NEW YORK — While toy lines come and go, those for superheroes tend to have a long shelf life. Of all of them, Batman, aka the Caped Crusader or the Dark Knight, is one that holds the attention of all ages.
Starting with the 1960s TV series, there have been multiple Batman TV shows and movies. Collectors tend to target what they played with as children. Generations who grew up enjoying tales of Batman seek the superhero merchandise they coveted during childhood.
Tommy Sage, Jr., Head of Toys & Trains at Morphy Auctions in Denver, Pennsylvania, was one of those kids. As a boy, he watched reruns of the 1960s TV show starring Adam West as Batman, and had some of the licensed toys. As an adult, he began collecting in earnest. His first major purchase was a Batman auto display in mint condition in its original box. “Sometimes you have a really old toy that is like a hundred years old and when you go somewhere [i.e a toy show] one or two people will ask about it, but you put out a 1960s Batman piece, and you will have 20 or 30 people ask about it,” he said. “Batman is such an iconic character … and they are keeping it alive with all the new movies. Since 1999, in the last 22 years they have made a bunch of movies so it’s kind of like Star Wars where they just keep that alive.”
The Batman media franchise is one of the highest-grossing and longest-lived, encompassing television, film, comics and video games. This dominance and resilience would be much harder to maintain if the fundamentals of Batman’s story weren’t strong. The tale of a rich kid who watches his parents die at the hands of a mugger and later uses his family money to build an arsenal of flashy tools and technology that transform him into an avenging superhero is a tale that lends itself to fresh interpretations.
While the 1960s show only ran for three seasons, it had a long afterlife in reruns. The 1990s brought Batman: The Animated Series, and later in the decade, there was another animated series, The Batman. A bevy of A-list movie actors have donned the iconic black cape and cowl to play Batman, from Michael Keaton and Val Kilmer to Christian Bale and Ben Affleck. In 2022, Robert Pattinson will join their ranks.
As with any collectible, there are all types of ways to collect. Some take a broad approach, scooping up anything Batman-related, while others gravitate to subcategories, such as figures or paper. Batman toys from the 1950s and 60s are among the most desirable, and those that are “mint in package” (MIP) or “mint on card” (MOC) are more highly prized than those that have been removed from their packaging.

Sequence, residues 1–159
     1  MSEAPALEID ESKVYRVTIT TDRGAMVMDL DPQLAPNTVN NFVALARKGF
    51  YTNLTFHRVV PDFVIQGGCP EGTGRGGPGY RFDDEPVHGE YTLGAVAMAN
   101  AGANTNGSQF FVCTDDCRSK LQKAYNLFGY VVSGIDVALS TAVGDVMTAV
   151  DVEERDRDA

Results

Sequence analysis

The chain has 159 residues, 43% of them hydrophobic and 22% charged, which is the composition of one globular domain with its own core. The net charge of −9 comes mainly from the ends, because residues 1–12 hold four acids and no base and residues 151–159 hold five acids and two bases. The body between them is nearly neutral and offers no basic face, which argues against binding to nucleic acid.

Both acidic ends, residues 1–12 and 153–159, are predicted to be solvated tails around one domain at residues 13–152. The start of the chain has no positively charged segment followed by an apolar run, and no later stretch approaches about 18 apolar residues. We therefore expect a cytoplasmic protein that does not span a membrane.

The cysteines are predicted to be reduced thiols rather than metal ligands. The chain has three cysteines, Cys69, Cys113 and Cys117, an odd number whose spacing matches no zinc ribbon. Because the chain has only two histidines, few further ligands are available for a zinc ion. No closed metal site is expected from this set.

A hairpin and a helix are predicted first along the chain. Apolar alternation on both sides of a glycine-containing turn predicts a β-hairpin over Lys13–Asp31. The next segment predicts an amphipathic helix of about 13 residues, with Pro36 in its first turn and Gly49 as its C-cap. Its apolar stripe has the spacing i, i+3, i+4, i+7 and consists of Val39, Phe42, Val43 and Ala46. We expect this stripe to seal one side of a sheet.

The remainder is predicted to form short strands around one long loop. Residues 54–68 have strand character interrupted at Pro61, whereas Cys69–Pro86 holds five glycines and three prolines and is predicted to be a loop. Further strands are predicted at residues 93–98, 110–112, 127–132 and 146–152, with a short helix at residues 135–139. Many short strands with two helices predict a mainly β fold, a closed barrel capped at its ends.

The volume of Batman toys and merchandise produced ensures there are plenty of items to choose from. “I collect mostly the toys: wind-up toys, battery-operated toys and there are a lot of figures (that come with the vehicles),” Sage said. “They probably marketed Batman more than anybody. I can’t recall any character that they made more of in the last 50 or 60 years than Batman. It’s almost impossible to collect all the Batman stuff. I’ve literally had a couple hundred things over the years.”
While Superman probably has only had a half dozen iterations of toys, there have been many for Batman, including vehicles, figures, walking toys and gadgets. One of the most sought-after Batman items is the official Batman Utility Belt that was made by Ideal in 1966. It came with what the packaging called a “complete set of crime fighting equipment,” including a Bat-Rocket Grenade, Bat-Rope with grapple claw, a Bat-Storage Pouch, a Bat-A-Rang, a Dummy Transmitter, a Bat-Signal Flash (a small battery-operated flashlight), Batt-Cuffs, a Bat-Gun Launcher, and a Batman Message Sender (a dart for the gun). Describing the utility belt as one of the Holy Grails of Batman collectibles, Sage said, “I have had them but to find one like perfect mint with everything on it is probably about $15,000.”
While scarce examples in mint condition can bring from $10,000 to $15,000, there are plenty of affordable toys that are also MIP or MOC. “You could buy a lot of really great Batman stuff from $100 to $500,” Sage said.
He counsels new collectors to always purchase the best material in the best condition. “It doesn’t matter how much money you have, but generally always try to get stuff mint in the box, mint on the card or mint on the package,” he said. “Stuff that is loose, it doesn’t go up in value. It’s okay but not really what you want to buy to collect, especially if you expect to make money in the long run.”
One of the reasons why Sage started collecting Batman items is that the field has a good future, unlike some collectibles that prove to be short-term in popularity.
“A lot of things are generational, but I think Batman kind of transcends generational things,” he said. “People buy stuff they remember as a kid, but kids from the 40s, 50s, 60s, 70s, 80s and 90s all remember Batman and still know Batman today.”
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